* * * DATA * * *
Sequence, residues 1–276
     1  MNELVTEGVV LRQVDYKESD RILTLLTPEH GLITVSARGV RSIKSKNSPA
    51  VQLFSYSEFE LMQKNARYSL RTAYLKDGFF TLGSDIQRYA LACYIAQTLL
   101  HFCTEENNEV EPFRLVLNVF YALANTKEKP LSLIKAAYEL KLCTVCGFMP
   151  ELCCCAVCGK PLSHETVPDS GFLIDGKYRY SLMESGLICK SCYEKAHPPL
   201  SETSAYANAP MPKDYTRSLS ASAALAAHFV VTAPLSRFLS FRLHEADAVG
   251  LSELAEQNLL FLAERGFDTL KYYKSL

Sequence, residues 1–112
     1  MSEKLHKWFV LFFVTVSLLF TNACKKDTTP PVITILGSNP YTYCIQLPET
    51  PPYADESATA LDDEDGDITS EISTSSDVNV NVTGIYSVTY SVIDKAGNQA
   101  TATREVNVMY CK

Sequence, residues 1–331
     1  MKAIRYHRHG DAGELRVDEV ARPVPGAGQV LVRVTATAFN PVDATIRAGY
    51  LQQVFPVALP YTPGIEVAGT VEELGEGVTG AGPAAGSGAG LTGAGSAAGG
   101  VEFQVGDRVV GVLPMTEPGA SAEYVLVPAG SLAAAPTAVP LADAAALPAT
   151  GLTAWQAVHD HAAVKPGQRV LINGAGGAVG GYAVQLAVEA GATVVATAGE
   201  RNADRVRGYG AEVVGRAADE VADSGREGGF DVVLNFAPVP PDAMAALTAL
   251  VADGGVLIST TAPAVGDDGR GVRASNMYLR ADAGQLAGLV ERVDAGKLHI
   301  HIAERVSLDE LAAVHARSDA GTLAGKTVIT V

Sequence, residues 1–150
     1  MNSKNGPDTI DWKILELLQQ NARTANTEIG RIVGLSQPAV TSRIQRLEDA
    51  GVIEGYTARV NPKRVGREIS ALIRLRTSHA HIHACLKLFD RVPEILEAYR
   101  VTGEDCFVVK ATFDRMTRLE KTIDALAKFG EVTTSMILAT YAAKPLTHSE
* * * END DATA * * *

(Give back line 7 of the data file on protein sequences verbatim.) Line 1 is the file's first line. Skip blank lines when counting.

   251  LSELAEQNLL FLAERGFDTL KYYKSL